skeeze/Pixabay
Source: skeeze/Pixabay

The following is a guest post written by James B., co-author of "The Craving Brain: Science, Spirituality and the Road to Recovery".

Many people think that all an addict has to do is simply not drink or use in order to get clean. They get frustrated when their loved one, friend, or significant other continues to use despite significant consequences.

I can’t tell you how many times I heard, “Why won’t you just stop?”

Honestly, I thought I could. But time after time, I continued to use in circumstances
that baffle me to this day. Who would go out drinking the night before the biggest job interview of his life? Why would anyone blow off a date night with an already pissed off significant other just to get high? What would drive someone to stay up using all night before his dad’s wedding?

No one in his or her right mind would do these things, but I did them over and over. Why did I keep repeating this destructive and bizarre behavior? I know now that my brain had been altered by using drugs and alcohol to the point where I didn’t have a choice not to use. I wouldn’t stop, because I couldn’t stop.

Asking me to quit was like asking a fish to breathe on land. Knowing full well that the consequences would be dire, I kept using over and over, because I had lost the ability to stop on my own. The part of me that could quit or slow down was broken. Like a car whose brakes had gone out, I was speeding towards peril and destruction. Fortunately, I found help before I landed in a ditch that I couldn’t get out of. Only intervention and recovery could help me once I reached that point. In recovery, I gained back my will and the ability to choose.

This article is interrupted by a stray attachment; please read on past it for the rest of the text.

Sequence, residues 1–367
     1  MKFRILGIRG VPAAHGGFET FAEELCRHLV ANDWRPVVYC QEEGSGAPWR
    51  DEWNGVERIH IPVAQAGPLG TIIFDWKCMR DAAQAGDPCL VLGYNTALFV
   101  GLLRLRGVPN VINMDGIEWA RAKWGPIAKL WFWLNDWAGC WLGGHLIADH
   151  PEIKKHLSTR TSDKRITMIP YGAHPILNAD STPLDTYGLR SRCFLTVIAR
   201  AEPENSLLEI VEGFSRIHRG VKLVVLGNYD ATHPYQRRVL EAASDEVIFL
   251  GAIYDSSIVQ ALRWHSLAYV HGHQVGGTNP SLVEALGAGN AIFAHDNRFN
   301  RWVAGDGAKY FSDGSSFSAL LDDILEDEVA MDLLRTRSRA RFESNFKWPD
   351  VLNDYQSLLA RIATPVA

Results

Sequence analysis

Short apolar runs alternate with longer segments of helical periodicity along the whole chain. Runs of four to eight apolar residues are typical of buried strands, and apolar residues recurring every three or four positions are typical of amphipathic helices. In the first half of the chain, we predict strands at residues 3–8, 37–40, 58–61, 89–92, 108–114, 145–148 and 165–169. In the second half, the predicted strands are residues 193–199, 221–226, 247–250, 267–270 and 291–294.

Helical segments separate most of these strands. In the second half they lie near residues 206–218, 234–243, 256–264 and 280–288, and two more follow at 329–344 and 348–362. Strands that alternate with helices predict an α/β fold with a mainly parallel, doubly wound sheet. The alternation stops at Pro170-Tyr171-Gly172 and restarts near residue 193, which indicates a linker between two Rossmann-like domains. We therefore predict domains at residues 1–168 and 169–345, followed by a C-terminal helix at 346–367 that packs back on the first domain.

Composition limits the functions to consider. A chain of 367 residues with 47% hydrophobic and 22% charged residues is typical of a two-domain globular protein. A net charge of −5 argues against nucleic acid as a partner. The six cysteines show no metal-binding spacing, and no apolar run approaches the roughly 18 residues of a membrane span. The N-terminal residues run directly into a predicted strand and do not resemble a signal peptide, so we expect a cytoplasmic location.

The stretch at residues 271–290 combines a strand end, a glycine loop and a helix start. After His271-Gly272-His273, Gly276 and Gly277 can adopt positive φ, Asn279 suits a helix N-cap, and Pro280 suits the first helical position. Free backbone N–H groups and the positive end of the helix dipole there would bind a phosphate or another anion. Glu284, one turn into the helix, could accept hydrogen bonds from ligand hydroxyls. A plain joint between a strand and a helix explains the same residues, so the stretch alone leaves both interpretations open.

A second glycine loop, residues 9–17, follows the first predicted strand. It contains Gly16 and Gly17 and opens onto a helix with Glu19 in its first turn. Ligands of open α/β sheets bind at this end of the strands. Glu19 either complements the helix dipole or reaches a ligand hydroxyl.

If you’ve ever asked yourself why your loved one won’t stop using, you may need to face the reality that he or she can’t stop. This is a startling and hard reality to
accept, but acceptance is the beginning of hope. You may feel helpless right now, but I promise you that the fact that you are thinking about this person and wondering what to do is a sign that all hope is not lost. Help is available, and if I can find it, so can your loved one. Planning an intervention could be the first step toward his or her freedom from addiction. They will need your love, support, and patience along the way.

You don’t need a doctor to take a screening test and anyone can assess a person’s
risk for addiction by taking a test by clicking here. At the same time, family
members and friends—whose own judgment isn’t distorted by heavy drinking or other drug use—can help loved ones recognize the early stages of uncontrollable craving and seek professional help.

And if the person you are worried about is merely abusing alcohol or other drugs, you may need to have a frank conversation about the damage to the brain caused by heavy drinking or other drug use. This damage can include addiction. The time to turn back is now while he or she has the power to do it.

 

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